Aesthetics, experience, and discrimination

Journal of Aesthetics and Art Criticism 63 (2):119–133 (2005)
Can indistinguishable objects differ aesthetically? Manifestationism answers ‘no’ on the grounds that (i) aesthetically significant features of an object must show up in our experience of it; and (ii) a feature—aesthetic or not—figures in our experience only if we can discriminate its presence. Goodman’s response to Manifestationism has been much discussed, but little understood. I explain and reject it. I then explore an alternative. Doubles can differ aesthetically provided, first, it is possible to experience them differently; and, second, those experiences reflect differences in the objects’ themselves. A range of objections to this position is considered, but all are found wanting.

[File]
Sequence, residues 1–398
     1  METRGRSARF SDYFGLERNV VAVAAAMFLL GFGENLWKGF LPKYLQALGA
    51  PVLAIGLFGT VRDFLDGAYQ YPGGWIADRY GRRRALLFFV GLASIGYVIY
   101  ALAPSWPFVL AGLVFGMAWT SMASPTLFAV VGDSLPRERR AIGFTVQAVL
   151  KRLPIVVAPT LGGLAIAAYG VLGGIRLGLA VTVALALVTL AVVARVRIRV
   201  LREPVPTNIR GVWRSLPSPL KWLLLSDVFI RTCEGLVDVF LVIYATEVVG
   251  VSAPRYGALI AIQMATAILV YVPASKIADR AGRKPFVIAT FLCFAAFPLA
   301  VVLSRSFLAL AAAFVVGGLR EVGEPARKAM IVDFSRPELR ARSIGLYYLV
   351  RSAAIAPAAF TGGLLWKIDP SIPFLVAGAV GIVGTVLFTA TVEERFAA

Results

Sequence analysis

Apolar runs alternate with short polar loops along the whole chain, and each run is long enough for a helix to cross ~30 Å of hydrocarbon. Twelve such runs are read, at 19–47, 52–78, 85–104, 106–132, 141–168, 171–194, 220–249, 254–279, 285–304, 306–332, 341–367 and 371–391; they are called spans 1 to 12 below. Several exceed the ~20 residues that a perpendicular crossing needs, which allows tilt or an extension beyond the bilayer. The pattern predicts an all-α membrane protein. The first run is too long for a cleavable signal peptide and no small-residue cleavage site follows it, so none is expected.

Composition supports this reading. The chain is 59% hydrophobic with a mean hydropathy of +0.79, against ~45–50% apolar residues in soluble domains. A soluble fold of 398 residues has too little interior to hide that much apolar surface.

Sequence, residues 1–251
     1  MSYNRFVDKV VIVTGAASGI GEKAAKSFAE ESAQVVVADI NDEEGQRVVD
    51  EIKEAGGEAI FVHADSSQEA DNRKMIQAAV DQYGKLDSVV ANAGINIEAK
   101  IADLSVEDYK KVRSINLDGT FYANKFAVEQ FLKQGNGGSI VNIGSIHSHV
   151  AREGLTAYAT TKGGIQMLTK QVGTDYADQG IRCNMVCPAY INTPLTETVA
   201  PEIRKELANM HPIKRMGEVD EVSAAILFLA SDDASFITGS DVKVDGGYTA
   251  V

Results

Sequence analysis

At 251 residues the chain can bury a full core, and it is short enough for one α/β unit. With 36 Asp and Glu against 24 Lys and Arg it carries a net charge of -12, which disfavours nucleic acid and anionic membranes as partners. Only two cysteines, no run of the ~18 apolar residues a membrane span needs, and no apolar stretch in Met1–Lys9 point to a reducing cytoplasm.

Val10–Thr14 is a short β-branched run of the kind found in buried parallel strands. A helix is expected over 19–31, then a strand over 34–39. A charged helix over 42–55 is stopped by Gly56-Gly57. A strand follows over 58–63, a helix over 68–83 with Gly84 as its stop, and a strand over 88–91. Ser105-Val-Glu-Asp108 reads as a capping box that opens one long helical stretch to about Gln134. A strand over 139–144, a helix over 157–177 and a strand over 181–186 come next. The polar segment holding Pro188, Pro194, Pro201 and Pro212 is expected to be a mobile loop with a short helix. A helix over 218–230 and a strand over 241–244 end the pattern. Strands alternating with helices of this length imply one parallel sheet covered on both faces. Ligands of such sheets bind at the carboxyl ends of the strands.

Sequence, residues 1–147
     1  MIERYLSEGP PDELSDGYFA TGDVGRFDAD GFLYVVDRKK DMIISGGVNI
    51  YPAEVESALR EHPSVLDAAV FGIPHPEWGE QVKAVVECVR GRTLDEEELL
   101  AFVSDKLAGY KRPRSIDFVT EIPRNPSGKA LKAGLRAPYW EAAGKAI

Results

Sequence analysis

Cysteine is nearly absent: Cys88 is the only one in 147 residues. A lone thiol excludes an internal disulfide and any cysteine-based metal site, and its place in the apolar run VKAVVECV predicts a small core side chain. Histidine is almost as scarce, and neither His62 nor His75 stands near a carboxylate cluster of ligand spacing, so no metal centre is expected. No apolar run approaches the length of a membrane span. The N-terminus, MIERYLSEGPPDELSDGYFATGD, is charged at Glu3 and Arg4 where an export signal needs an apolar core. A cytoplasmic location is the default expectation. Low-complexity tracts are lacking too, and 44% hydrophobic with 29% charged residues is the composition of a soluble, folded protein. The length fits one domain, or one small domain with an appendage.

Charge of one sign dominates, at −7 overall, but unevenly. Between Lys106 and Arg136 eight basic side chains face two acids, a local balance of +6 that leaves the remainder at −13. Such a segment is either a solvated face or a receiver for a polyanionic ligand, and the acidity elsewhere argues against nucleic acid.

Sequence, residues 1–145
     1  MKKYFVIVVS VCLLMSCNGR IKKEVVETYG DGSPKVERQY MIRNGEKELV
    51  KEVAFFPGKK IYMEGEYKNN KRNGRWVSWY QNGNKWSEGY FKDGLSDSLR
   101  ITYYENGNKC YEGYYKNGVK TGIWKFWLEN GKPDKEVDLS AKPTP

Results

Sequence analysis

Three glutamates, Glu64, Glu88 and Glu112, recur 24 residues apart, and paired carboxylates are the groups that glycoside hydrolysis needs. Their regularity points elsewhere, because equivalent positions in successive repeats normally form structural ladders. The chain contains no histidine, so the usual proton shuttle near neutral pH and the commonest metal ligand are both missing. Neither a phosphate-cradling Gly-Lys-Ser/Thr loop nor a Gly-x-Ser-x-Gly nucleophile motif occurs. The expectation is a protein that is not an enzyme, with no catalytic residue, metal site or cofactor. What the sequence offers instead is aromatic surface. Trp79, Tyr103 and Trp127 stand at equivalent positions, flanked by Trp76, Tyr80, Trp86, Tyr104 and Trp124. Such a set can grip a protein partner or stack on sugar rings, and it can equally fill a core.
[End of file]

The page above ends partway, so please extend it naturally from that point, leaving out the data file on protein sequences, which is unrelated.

Keywords Aesthetics  Forgery  Experience
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DOI 10.1111/j.0021-8529.2005.00189.x
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References found in this work BETA
Kendall L. Walton (1970). Categories of Art. Philosophical Review 79 (3):334-367.
Colin Radford (1978). Fakes. Mind 87 (345):66-76.
Mark Sagoff (1976). The Aesthetic Status of Forgeries. Journal of Aesthetics and Art Criticism 35 (2):169-180.
W. E. Kennick (1985). Art and Inauthenticity. Journal of Aesthetics and Art Criticism 44 (1):3-12.
James Elkins (1993). From Original to Copy and Back Again. British Journal of Aesthetics 33 (2):113-120.

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Citations of this work BETA
Robert Hopkins (2015). The Real Challenge to Photography (as Communicative Representational Art). Journal of the American Philosophical Association 1 (2):329-348.

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